The great variety of peoples, with their particular customs and traditions, who are the Roman Catholic Church bring the richness of their lives to the Church.
Perhaps the liturgical season that presents the most challenges for us to meet is Advent. The weeks prior to Christmas are filled with activity, shopping, visiting, baking, cooking, and anticipation. The liturgy, its readings and prayers, invite us to slow down, to be silent and listen, and so to be ready for the Lord's arrival.
The observance of an Advent season is a bit later in arrival than its cousin, the Lenten season. That is easily explained by the reality that the annual Easter season and its Lenten preparatory time was pretty much set in place prior to the annual observance of the Nativity of the Lord.
When the Christmas celebrations entered the liturgical life of the Church, the parallel model used was the Lenten and Easter seasons with Advent and Christmas seasons being much abbreviated. The combined Lent and Easter seasons span 90 days, almost a quarter of the year. The Advent-Christmas seasons span a maximum of 43 days, as it does this year. This Advent is the longest possible with 28 days; next Advent (2023), will be the shortest possible with 22 days.
The Advent season is spread over four Sundays and accompanying weekdays. There are two "phases" of this season. The first from the First Sunday of Advent until Dec. 16 inclusive and second from Dec. 17 to Dec. 24, inclusive.
The lectionary readings and the prayers of the Roman Missal of the first phase of Advent bring the combined hopes of Israel for her Messiah and the hopes of each of us for the coming of the Lord into history and at the end of time.
The second phase directs our prayers, hearts, minds, and thoughts to the arrival of the Lord in his birth at Bethlehem -- Christmas. These days are marked by the "O Antiphons" biblically based verses that relate the expectations of Israel to Jesus. Calling to mind the various titles the people of Israel used to praise God, the antiphons apply these to Jesus. Reminding us that he is the expected Messiah, and he is God with us.
The antiphons are familiar to most of us in the Advent hymn "O come, O come, Emmanuel." These verses alone provide us with much "food for thought," or better, a good launch for our Advent prayer and preparation.
The great variety of peoples, with their particular customs and traditions, who are the Roman Catholic Church bring the richness of their lives to the Church. Among them are the familiar Advent wreath, with its evergreens, the four candles (usually three violet and one rose), which signal the four Sundays of Advent. This actually came over to the Roman Catholic Church from a practice of the German Lutherans. The wreaths are evident in our churches and homes and each candle is lighted with an accompanying prayer.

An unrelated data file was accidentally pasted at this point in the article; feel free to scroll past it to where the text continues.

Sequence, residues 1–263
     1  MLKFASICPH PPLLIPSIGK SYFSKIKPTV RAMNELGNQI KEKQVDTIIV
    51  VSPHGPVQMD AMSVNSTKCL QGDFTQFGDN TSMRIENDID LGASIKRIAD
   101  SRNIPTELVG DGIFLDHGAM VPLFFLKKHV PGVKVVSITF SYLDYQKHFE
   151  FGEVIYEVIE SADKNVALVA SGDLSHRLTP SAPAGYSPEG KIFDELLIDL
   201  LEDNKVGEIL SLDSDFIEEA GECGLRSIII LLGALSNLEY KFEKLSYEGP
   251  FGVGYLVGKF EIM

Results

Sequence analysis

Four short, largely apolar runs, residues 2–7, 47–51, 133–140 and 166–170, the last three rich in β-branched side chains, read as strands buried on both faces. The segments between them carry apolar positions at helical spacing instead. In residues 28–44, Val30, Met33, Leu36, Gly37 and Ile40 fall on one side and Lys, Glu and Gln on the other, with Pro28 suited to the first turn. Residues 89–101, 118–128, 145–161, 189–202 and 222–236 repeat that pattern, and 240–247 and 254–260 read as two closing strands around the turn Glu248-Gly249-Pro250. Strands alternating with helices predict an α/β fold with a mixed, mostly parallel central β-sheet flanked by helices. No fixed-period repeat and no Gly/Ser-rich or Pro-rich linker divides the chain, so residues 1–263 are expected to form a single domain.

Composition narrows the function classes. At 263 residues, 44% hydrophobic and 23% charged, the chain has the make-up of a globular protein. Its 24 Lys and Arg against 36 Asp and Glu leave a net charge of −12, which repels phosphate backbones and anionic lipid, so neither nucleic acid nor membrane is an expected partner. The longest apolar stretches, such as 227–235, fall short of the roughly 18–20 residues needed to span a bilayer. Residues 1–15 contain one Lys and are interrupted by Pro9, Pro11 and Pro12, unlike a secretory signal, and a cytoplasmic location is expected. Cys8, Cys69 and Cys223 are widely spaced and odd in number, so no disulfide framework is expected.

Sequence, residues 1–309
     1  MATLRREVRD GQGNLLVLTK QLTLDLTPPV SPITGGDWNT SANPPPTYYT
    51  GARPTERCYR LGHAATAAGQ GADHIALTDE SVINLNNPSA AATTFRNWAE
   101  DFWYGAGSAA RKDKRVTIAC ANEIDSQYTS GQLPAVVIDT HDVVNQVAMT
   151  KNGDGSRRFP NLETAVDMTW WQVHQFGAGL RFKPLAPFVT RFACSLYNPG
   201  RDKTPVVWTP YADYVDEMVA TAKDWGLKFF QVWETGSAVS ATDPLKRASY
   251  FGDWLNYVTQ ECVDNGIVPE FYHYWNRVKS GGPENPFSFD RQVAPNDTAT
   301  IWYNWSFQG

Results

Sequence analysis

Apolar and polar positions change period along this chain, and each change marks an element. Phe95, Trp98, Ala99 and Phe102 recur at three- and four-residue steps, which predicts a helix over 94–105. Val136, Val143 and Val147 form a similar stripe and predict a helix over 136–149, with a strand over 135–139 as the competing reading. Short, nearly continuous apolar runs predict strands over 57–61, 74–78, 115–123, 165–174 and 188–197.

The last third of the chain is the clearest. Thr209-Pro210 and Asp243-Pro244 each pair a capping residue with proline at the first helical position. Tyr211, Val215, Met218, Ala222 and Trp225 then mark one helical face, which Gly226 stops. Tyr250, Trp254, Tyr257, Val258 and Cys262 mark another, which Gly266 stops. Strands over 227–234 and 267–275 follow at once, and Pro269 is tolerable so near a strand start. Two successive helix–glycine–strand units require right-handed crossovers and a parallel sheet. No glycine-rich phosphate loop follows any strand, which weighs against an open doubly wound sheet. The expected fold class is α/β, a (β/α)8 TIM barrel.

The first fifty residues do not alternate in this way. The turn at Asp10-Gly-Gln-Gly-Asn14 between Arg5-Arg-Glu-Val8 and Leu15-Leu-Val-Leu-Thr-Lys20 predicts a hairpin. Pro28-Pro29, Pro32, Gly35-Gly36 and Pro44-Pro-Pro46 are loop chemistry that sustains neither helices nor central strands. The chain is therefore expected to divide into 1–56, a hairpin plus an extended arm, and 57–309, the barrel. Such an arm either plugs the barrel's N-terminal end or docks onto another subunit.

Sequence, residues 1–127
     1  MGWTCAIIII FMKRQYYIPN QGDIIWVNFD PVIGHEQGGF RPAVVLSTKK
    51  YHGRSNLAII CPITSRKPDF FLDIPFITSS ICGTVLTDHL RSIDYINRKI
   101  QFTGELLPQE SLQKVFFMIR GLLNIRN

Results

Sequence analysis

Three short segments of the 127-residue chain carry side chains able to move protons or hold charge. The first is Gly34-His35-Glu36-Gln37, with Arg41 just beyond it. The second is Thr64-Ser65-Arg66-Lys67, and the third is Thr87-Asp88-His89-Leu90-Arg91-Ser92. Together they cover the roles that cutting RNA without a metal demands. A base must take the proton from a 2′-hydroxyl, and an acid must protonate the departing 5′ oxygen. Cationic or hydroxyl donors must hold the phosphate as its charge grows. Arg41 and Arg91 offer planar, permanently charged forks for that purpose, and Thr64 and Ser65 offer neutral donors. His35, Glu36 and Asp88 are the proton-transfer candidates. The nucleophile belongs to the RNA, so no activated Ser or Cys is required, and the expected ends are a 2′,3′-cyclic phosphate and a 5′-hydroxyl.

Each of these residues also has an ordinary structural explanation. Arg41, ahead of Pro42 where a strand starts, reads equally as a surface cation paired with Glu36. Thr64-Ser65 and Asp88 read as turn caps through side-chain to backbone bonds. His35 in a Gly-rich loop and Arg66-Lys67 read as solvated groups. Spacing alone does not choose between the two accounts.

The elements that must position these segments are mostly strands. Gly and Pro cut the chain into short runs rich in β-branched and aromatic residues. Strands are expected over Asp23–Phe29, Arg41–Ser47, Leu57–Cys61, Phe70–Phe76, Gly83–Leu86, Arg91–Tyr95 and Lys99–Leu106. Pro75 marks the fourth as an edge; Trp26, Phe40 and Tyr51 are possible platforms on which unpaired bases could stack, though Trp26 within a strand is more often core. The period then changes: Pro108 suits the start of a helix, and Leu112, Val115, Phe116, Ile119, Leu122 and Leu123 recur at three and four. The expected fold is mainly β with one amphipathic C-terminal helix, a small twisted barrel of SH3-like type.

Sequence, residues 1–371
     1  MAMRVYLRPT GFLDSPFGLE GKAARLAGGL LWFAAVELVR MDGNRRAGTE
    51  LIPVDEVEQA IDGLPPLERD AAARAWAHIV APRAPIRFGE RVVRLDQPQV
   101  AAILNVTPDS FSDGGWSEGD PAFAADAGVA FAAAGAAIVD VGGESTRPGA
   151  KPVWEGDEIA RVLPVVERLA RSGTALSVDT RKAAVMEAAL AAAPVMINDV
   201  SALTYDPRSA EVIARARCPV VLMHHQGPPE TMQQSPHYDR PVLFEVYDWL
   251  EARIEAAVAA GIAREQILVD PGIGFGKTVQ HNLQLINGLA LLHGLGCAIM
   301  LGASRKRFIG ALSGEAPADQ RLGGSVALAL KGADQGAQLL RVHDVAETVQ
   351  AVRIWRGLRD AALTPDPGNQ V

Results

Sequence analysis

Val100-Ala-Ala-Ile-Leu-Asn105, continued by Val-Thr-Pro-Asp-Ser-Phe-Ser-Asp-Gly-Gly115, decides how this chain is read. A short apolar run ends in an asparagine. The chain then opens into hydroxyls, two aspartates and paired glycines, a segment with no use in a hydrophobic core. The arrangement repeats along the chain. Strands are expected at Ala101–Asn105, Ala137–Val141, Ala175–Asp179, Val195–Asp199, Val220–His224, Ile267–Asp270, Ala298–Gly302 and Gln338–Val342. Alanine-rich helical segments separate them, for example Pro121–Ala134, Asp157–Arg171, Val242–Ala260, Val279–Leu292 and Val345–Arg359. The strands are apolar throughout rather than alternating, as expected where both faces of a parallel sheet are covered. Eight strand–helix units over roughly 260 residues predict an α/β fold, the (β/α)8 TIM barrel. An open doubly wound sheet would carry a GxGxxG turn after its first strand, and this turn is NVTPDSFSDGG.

Las Posadas celebrated between Dec. 16 and 24 come with Catholics from Mexico, other Central American, and Caribbean lands. Customs and traditions within the celebration vary between the different nations.
Simbang Gabi in the Philippines is a variation of Las Posadas and not only is it observed in The Philippines but in any community or parish that has a Filipino community.
The present shape of our Advent season developed over time. There were times when it was a full six weeks, beginning in mid-November, complete with Advent fasts and other penitential observances.
The development of Advent would be too much for this column. Those who are interested may want to read "The Liturgical Year, Volume I: Advent, Christmas, Epiphany" by Adrian Nocent, available at www.litpress.org.
While the Church maintains the penitential aspect of Advent, the prevalent spirits are anticipation and preparation. A good preparation for all of us in the midst of the busy-ness of Advent might be a pre-Christmas confession.
Each year, the Federation of Diocesan Liturgical Commissions (FDLC) -- don't let the name scare you -- issues an Advent Christmas Liturgical Guide. It contains a wealth of information and suggestions about the observance of the Advent and Christmas seasons. The Federation serves not only diocesan liturgical commissions, but worship offices, parishes, and individuals. Much of their excellent resource material is readily available from its website, www.fdlc.org.
Another FDLC (you'll be hearing this a lot) resource is its webinar series on the liturgical year: "For Advent and Christmas," available at fdlc.org/2021/04/webinar-advent-and-christmas.
For Advent, take some time, slow down, listen, and get away from the hustle and bustle that marks the time before Christmas.
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